Fifty years ago today, May 22nd, 1964, President Lyndon Johnson gave a commencement speech to graduates at the University of Michigan that outlined an incredible – and in many ways radical – idea about what America could become in the next half-century. It was a far-reaching idea that challenged his audience to completely rethink the “American dream,” and in doing so would help propel the United States toward what he called “The Great Society.” In the end, Johnson’s legacy would be forever colored by the Vietnam War, but his approach to the goals we should set for ourselves as a country and as community members is one that deserves equal attention.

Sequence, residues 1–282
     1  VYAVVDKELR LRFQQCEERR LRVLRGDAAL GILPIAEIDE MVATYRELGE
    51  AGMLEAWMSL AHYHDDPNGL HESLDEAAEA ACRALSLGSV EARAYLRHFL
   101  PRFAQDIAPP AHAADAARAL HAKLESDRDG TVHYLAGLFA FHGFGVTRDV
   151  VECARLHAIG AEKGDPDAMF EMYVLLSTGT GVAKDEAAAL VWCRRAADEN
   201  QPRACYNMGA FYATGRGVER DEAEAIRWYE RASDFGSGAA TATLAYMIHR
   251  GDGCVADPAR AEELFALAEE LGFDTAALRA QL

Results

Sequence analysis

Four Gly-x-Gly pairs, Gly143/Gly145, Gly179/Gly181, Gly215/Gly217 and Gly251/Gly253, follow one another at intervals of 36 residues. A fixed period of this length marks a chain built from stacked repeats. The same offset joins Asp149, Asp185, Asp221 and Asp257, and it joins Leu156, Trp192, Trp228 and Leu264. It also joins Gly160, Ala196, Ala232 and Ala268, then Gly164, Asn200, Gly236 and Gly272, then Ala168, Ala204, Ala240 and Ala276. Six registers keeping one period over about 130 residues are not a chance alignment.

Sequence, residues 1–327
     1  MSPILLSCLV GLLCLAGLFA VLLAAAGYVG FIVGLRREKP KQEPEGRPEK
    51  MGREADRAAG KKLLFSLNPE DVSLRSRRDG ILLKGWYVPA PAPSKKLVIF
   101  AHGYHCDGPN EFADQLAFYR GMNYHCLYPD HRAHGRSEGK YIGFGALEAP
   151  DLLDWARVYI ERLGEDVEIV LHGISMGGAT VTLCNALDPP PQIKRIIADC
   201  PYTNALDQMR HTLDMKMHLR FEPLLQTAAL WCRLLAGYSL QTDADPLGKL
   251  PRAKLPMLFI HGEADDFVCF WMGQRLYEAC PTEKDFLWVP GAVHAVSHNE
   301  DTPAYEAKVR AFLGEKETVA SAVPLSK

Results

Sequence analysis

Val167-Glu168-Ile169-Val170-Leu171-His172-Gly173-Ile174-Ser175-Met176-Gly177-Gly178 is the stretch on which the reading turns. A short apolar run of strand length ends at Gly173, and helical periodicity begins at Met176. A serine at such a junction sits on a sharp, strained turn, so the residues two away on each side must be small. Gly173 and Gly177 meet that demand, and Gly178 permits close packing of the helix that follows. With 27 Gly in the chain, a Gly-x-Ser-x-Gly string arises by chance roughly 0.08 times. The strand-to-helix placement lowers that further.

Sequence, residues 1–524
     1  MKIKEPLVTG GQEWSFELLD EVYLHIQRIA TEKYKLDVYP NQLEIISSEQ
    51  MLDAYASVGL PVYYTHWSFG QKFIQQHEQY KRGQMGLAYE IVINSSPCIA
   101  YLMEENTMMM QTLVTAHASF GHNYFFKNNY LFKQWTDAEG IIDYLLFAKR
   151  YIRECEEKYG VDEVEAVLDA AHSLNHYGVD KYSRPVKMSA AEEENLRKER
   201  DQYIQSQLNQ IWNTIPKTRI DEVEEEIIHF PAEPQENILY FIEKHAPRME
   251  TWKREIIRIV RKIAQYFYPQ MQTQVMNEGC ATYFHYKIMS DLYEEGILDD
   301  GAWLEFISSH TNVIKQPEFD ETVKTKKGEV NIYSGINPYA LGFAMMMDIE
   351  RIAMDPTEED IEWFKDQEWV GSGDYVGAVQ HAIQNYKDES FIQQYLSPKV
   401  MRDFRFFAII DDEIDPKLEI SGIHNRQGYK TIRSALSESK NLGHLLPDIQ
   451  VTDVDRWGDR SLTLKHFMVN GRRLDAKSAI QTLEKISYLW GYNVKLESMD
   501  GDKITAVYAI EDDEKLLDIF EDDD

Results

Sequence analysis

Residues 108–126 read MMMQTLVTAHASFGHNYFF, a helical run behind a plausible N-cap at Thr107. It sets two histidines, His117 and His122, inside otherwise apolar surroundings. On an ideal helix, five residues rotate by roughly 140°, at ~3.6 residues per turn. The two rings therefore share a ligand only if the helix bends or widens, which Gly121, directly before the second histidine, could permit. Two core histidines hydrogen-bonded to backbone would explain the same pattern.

It is extremely telling that now, in our current state of affairs, one of the most radical elements of Johnson’s outline for the Great Society was that America should value the happiness of its people above wealth, power, growth, and military prowess. Indeed, Johnson proclaimed that the pursuit of happiness was the “test of our success as a nation.” Consider that notion for a moment: that an American President would stand before tens of thousands of young people and academics and proclaim that our happiness is the key to American prosperity above all else. The thought that any politician today would make such a claim is so far-fetched that it seems absurd. With all the rhetoric we hear thrown about concerning the Declaration of Independence and the Constitution, it seems that most have forgotten that the authors of that document put Happiness – with a capital H – right at the beginning. That fact alone should be reason enough to give us all pause, and to really consider the direction we’re all headed.